It Pays to Cook the Books – Even When You Get Caught


October 25, 2018 -
NEW YORK--New Columbia Business School study finds that 26 percent of perpetrators of financial reporting misconduct – largely CEOs and CFOs – experience an overall gain--Deterring improper behavior starts with implementing consequences that outweigh the risks. But in the world of financial reporting misconduct, new research that examines the most serious cases of misreporting finds that nearly 26 percent of perpetrators experience an overall net benefit – even after they get caught.

Given that the risk of detection is also only 25 percent, then more than half of perpetrators – most often the CEOs and CFOs of major companies – could find it beneficial to commit financial reporting misconduct, according to research from Columbia Business School Professors Shiva Rajgopal and Dan Amiram and researcher Serene Huang. The new study, “Does Financial Reporting Misconduct Pay Off Even When Discovered?,” tackles major episodes of financial misconduct since a 2003 shift in enforcement and compares the costs and benefits of getting caught.

“With more than half of perpetrators potentially benefiting, the numbers speak for themselves. Top senior managers of large companies will certainly see that the odds are in their favor even if they get caught cooking the books,” said Shiva Rajgopal, Kester and Byrnes Professor of Accounting and Auditing at Columbia Business School. “Unless regulators improve their processes, research shows that financial reporting misconduct will continue to be an attractive option.” 

In the article, Rajgopal, Amiram, and Huang focus on financial reporting misconduct cases after 2003 – an era marked by a shift in enforcement and punishment priorities that eased the consequences for reporting misconduct. To determine their findings, researchers analyzed 237 cases of financial misconduct between 2003-2015 from three specific datasets: U.S. Securities and Exchange Commission (SEC) enforcement actions, securities class-action lawsuits, and financial restatement announcements that triggered negative stock market reactions.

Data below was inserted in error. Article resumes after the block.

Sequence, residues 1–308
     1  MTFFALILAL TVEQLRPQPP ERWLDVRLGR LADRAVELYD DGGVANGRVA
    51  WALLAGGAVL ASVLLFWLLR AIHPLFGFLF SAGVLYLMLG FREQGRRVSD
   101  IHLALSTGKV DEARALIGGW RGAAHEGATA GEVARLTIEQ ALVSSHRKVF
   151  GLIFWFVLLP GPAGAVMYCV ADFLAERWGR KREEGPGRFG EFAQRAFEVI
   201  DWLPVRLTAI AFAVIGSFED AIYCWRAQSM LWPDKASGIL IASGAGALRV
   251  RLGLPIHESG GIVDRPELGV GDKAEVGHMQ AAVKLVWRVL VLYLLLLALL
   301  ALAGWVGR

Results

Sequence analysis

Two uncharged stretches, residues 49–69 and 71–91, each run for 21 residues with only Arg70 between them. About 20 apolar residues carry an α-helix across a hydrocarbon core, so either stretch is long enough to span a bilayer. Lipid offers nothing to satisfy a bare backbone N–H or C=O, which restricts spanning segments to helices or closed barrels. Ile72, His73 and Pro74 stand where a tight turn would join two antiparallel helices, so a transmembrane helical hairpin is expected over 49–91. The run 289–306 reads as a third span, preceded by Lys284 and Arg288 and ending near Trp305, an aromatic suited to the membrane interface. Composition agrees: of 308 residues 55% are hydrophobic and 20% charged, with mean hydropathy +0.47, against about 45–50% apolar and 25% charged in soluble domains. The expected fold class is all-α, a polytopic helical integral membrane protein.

The researchers then hand-collected data on perpetrators and compared “benefits from misconduct” – which include salary bonuses and stock and options gains – to the “costs of getting caught” – which include disgorgements and fines as well as forgone earnings for perpetrators who lose their jobs. For those perpetrators who get caught, the researchers compared the “costs of getting caught” to other offsetting income – such as severance pay a perpetrator might receive upon resignation or earnings from a new job.

Their findings include:

  • Out of a job, but not for long: The researchers conclude that 39 percent of perpetrators in the 237 cases were fired upon revelation of misconduct. But of those fired, 64 percent went on to get a new job, usually in small private companies
  • Nearly one in three perpetrators who misreported company earnings benefited: Researchers found that 25.9 percent of the perpetrators in the 237 cases experience an overall gain even after getting caught: 2.7 percent from the SEC sample, 24.1 percent from the lawsuits sample, and 32.1 percent from the restatements sample. Benefits come mainly through lower forgone earnings and lower unrealized losses on their stockholdings. In fact, only 7 percent of this group of perpetrators were fired around the revelation of the misconduct
  • Stock market losses are an effective deterrent: Analysis shows that the average cost of getting caught amounts to $26.7 million, with the notable hits coming via stockholding and forgone earnings, suggesting that the stock market and the labor market are generally effective at punishing perpetrators.

The study, “Does Financial Reporting Misconduct Pay Off Even When Discovered?,” is available online at: 

To learn more about the cutting-edge research taking place at Columbia Business School, please visit More information on Professor Shiva Rajgopal is available here and information on Professor Dan Amiram is available here.

About Columbia Business School

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